So it’s going to be three playwrights doing one act shows, and that’ll be at the Maas building. That’s 1325 North Randolph. That’s on the 10th of June. That’s at 7:30pm. That event and all the other events are listed on Take a look at what else is happening. Lots of good things.

I’m always surprised, usually the summertime slows down, but even today I think there were six new ones that were posted. So that’s always really, it’s really great. I’m really excited about it. There’s interesting artist talks coming up next week. I’ll put those on my list. And we’ll have time to talk about those.

But yeah, take a look at what’s going on. There’s some art events this weekend and some play rings coming up that are worth seeing. 

Roberta: Cool. Cool. I would like to go to a play reading. You made that sound really good. I like intimate and I am envisioning it as people sitting in chairs, maybe in front of a table with the script open in front of them.

And does one person read, like each playwright would read the entire play, all the characters, or how does that work? 

Ryan: If it’s a company, usually the company will have their actors pick a part and they’ll do probably a couple rehearsals, but they’re a lot of times they’ll come up and they’ll just lay the script out and they’ll just read from it. But act and, you know, there’s no set, there’s no lighting. It’s very casual. But it’s a lot of fun. It’s very intimate. It feels much closer to like a Saturday Night Live skit where anything could just, it’s a live production. Like anything could happen.

That’s the beauty of theater. Anything could happen. It’s not Mm-Hmm. Even though it’s been rehearsed and scripted. Mm-Hmm. You know what happens? Happens. True. Yeah. So I’ve seen a few there. There’s a few that happened, like at the Drake. There’s a few that I’ve seen at the library. The library puts on play readings.

Roberta: No kidding. The central branch. Yeah. 

Ryan: Central branch, yeah. On the parkway. 

Roberta: Cool. Yeah. Our library is very arty. I love our library. It’s just so arty.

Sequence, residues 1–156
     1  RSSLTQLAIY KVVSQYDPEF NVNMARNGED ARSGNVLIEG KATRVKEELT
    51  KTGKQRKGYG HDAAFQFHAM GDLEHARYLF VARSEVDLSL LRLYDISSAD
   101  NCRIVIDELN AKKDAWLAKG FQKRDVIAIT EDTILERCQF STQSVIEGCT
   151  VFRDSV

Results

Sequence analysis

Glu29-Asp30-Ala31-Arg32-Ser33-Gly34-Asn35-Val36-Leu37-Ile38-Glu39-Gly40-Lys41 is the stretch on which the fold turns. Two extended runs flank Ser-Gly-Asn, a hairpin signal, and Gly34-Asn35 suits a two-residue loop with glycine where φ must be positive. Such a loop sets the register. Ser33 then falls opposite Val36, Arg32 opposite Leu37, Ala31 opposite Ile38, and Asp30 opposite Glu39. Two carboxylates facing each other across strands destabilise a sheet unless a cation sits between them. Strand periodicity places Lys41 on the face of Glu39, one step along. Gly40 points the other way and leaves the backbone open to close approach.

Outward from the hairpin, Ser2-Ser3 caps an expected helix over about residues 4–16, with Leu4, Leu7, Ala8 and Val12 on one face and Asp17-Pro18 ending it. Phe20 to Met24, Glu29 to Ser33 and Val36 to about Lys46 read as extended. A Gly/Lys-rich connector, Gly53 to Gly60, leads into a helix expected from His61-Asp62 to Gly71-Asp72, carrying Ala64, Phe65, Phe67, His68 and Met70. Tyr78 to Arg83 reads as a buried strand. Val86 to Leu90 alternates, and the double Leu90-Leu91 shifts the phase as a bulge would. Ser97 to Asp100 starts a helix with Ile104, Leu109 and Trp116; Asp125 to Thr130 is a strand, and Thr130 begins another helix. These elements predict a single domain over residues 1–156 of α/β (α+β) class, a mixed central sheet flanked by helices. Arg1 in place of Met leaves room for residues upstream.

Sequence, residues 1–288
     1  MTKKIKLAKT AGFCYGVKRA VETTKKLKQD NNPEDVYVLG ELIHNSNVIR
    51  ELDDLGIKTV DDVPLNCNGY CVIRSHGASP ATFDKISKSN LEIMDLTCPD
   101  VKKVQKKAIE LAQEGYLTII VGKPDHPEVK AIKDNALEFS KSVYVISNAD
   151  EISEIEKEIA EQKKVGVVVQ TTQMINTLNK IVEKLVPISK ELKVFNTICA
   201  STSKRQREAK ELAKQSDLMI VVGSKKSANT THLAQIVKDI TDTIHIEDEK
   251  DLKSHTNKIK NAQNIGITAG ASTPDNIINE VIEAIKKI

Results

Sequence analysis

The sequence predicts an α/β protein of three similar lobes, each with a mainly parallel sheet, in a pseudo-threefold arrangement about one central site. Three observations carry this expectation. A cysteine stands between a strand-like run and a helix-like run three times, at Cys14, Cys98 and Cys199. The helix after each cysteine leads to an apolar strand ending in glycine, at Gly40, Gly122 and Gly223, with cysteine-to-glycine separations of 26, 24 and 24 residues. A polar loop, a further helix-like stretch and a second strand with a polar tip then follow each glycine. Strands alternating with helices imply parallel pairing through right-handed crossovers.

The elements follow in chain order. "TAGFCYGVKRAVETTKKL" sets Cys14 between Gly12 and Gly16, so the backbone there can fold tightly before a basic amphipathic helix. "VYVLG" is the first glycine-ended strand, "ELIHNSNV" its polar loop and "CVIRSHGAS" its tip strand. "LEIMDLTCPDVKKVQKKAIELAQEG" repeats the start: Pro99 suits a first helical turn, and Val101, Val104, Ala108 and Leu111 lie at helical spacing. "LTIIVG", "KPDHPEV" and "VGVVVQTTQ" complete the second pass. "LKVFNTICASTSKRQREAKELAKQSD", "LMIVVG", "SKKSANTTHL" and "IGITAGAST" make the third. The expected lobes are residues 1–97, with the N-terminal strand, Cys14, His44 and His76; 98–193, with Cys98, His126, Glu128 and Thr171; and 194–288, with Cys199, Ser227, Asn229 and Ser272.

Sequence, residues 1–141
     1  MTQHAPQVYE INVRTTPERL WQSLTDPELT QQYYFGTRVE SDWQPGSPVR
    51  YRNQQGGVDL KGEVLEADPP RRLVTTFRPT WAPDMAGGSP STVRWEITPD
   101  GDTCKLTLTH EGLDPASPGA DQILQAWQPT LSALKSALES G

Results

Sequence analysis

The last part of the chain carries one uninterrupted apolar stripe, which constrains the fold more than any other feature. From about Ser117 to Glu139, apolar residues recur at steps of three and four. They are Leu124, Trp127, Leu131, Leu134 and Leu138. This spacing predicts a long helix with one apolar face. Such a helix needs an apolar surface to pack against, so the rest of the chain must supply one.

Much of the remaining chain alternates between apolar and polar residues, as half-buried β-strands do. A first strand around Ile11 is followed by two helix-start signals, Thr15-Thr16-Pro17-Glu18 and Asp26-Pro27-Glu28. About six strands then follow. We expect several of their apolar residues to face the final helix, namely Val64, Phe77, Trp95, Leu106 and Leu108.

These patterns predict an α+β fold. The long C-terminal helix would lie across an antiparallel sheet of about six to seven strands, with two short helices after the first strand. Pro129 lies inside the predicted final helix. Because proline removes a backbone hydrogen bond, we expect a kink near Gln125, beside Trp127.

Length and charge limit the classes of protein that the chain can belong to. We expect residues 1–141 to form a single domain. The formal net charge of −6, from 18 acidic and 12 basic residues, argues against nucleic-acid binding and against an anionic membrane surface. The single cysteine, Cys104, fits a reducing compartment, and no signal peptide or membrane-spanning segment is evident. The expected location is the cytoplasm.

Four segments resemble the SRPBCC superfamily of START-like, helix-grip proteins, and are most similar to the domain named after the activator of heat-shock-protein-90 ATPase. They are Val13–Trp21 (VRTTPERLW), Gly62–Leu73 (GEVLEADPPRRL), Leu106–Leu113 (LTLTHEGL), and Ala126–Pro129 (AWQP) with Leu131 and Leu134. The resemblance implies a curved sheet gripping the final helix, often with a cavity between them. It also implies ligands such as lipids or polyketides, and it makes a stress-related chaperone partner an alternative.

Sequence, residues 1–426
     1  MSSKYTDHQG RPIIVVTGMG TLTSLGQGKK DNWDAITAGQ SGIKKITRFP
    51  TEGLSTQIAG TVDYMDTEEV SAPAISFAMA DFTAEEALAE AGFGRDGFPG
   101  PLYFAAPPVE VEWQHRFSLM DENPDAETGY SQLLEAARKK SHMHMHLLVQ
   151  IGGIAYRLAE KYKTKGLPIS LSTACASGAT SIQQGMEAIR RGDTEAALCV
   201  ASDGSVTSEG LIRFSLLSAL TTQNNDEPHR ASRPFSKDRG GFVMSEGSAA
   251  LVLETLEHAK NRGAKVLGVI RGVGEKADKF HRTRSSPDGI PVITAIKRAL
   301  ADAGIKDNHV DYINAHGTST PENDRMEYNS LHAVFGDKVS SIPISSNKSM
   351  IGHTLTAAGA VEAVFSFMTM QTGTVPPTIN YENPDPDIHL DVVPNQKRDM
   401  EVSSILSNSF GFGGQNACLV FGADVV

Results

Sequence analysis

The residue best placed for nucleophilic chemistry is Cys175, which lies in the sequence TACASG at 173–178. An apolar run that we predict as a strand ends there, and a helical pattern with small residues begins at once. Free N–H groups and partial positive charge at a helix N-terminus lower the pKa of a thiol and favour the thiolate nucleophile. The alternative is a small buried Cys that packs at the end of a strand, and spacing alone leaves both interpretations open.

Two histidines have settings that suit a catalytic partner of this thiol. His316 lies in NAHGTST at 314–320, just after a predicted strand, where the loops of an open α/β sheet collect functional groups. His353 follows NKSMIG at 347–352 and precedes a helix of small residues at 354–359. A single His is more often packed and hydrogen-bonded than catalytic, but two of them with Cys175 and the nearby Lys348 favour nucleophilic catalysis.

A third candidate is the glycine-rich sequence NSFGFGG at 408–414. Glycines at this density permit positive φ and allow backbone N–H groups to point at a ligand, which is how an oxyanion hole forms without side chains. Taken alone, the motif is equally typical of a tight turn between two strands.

Ryan: They do, they do some great programming. 

Roberta: So I just wanna say that you’ve all heard of chair yoga, right? 

Ryan: Yeah. 

Roberta: So is play reading, chair, acting? 

Ryan: Well, they’re standing.

Oh, they’re standing. 

Roberta: Okay. That’s different than normally.

Ryan: Yeah. When you have preview nights, you know, you have an envisioning of what this is supposed to look like. It’s once you get the show open, you, it is a culmination of all these weeks of effort and casting and the costuming and the scenery and delights and the sound.

And this is, this is much more like if you were just having a, a, a fun night with friends and you’re just kind of, playing games. It’s much more like a game night with friends. 

Roberta: Sounds like fun. 

Ryan: It is fun. It could be a regular thing for people. It’s light, it’s easy, it’s carefree, it’s fun. It’s silly. You still get to see some interesting things. People get to try different theatrical devices that may not make it into the final thing, but you get to see them out upfront and, and respond to them, and they take your feedback. It’s really interesting. 

Roberta: Hmm. Cool. Yeah. Very cool. Well that’s, I like that. Let’s go out on that note, Ryan. Sounds good. It’s very upbeat and I will have to go to a chair reading, or, well, I’m going to call it that now, but, yeah, reading. You get to sit. You get to sit. Yes. I’ll sit. Okay. Alright. That’s about it folks. We’ll see you next week. Ryan will be here from around Devil’s Tower, Wyoming.

We’re looking forward to hearing about the Great Salt Lake, et cetera. And stay cool. See you next week. This is Roberta. 

Ryan: And this is Ryan. Thanks for listening, everyone. We’ll see you next week. 

Roberta: Bye 

Ryan: Bye.